The Four Metal Levels of Coverage Michigan Health Insurance Marketplace Premiums

The Four Metal
Levels of Coverage
By now, you likely have
heard Health Insurance
Marketplace plans referred
to as platinum, gold, silver
or bronze – the metal levels
of coverage assigned to all
plans. These levels reflect
how you and your plan
divide the cost of your care –
or in other words, how much
you pay and how much your
plan pays for any care you
It’s important to note these
levels don’t have anything
to do with the quality of
care you receive, only the
costs you might pay for your
care, including premiums,
deductibles and copays. For
example, a platinum plan
covers approximately 90
percent of expected services,
while you pay the remaining
10 percent. From there, the
amount covered goes down
by tier, while the amount
you pay out of pocket
goes up. (There are also
catastrophic plans available
to those under 30 years
old or those with hardship
Remember: The actual
percentage you’ll pay
varies depending on the
services you use during the
year. According to www., you should
consider factors such as
how many doctor visits
and prescriptions you
typically have in a year when
choosing a plan level; those
with many medical expenses
may want to consider a
higher-level plan. Another
important note: If you
qualify to save on out-ofpocket costs based on your
household size and income,
then you can get these
savings only if you enroll a
silver plan.
A: $$$
B: 80%
C: 20%
A: $
B: 60%
C: 40%
A: $$$
B: 90%
C: 10%
A: $$
B: 70%
C: 30%
Every Plan
Must Cover
The Affordable Care Act requires most Health Insurance
Marketplace plans in the individual and small group markets
to offer essential health benefits as part of their coverage. The
essential benefits are minimum requirements; some plans may offer
additional coverage. Note that there may be copays and deductibles
for some of these services and that grandfathered plans or plans
offered by large employers are not required to offer these services,
though many do.
The essential services most Marketplace plans must cover are:
1. Ambulatory patient services or care you receive without being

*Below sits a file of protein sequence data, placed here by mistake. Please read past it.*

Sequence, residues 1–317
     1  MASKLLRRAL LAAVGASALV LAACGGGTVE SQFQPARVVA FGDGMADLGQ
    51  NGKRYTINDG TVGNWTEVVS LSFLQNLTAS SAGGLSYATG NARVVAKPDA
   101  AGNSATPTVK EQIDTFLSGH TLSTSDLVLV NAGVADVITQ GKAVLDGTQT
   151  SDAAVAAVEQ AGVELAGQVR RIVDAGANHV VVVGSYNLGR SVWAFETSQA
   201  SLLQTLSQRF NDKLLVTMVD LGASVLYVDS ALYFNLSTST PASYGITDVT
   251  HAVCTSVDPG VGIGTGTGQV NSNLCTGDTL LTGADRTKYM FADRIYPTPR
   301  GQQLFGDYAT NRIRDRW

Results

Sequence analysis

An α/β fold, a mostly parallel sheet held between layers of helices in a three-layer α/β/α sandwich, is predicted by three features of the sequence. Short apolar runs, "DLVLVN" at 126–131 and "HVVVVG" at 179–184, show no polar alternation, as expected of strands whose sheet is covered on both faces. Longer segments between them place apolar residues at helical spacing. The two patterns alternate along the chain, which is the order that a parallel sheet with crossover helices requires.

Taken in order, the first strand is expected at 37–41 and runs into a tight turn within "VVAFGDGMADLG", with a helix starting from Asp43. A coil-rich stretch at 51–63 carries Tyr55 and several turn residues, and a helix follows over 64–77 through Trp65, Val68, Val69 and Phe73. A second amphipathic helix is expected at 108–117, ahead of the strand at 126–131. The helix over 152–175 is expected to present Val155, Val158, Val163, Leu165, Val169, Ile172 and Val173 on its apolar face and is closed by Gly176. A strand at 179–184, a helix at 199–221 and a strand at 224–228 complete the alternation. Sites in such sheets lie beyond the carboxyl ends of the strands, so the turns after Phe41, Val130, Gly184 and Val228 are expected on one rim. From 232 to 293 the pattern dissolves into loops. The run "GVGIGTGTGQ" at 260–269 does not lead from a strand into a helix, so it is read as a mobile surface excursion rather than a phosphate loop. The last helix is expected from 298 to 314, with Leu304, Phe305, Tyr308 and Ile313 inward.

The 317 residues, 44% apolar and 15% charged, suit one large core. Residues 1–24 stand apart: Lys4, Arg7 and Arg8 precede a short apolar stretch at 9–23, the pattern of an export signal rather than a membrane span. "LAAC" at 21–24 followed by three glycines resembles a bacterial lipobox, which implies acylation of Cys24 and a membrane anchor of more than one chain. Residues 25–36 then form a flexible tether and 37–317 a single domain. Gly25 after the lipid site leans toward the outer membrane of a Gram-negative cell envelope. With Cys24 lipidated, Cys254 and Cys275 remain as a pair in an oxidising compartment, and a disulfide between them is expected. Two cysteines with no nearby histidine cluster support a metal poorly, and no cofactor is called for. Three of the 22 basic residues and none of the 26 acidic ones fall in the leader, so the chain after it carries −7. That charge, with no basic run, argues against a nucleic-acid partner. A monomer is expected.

admitted to a hospital
2. Emergency services, including ambulance transportation
3. Hospitalization, including surgery
4. Laboratory services
5. Maternity and newborn care, both prenatal and postnatal
6. Mental health and substance use disorder services, including
behavioral health treatment such as counseling and
7. Pediatric services, including oral and vision care for children
under 19 years old
8. Prescription drugs
9. Preventive and wellness services that help prevent chronic disease
10. Rehabilitative and habilitative services and devices, which
assist those with injuries, disabilities or chronic conditions to
gain or recover mental and physical skills
The Affordable Care Act Timeline
The Health Insurance Marketplace Open Enrollment Period started Nov. 15,
2014, and runs through Feb. 15, 2015. During this time, you can apply for a
new plan, keep the plan you have or switch plans.
Important dates to remember:
Dec. 15, 2014 –Last day to enroll if you want new coverage that begins
on Jan. 1, 2015
Dec. 31, 2014 –Coverage ends for all 2014 plans
Feb. 15, 2015 –Last day to enroll for 2015 plans during Open Enrollment Period
Special Enrollment Period:
You may still be able to enroll in a plan for 2014 if you qualify for the Special
Enrollment Period. Qualifying circumstances include marriage or divorce, having
a baby, adopting a child, placing a child for adoption or foster care, moving
your residence, gaining citizenship, leaving incarceration, losing other health
coverage due to losing job-based coverage, the end of an individual policy plan
in 2014, COBRA expiration, being too old for a parent’s plan, losing Medicaid or
CHIP and similar circumstances. Coverage for any 2014 plan you enroll in will
end Dec. 31, 2014.
When Does My Coverage Start?
If you enroll in a new plan or switch plans between now and
Dec. 15, 2014, then your new coverage will start Jan. 1, 2015.
After that, if you enroll or switch between the first and 15th
days of the month, your coverage will start the first day of
the next month. If you enroll or switch between the 16th and
last day of the month, then your coverage starts the first day
of the second following month. So if you enroll on Jan. 15,
your coverage would start Feb. 1; if you enroll Jan. 16, your
coverage starts March 1.
Michigan Health Insurance Marketplace Premiums
2015 Individual Market Rates by Metal Level, Plan and Rating Area
Affordable Decision
Care Act Guide 2015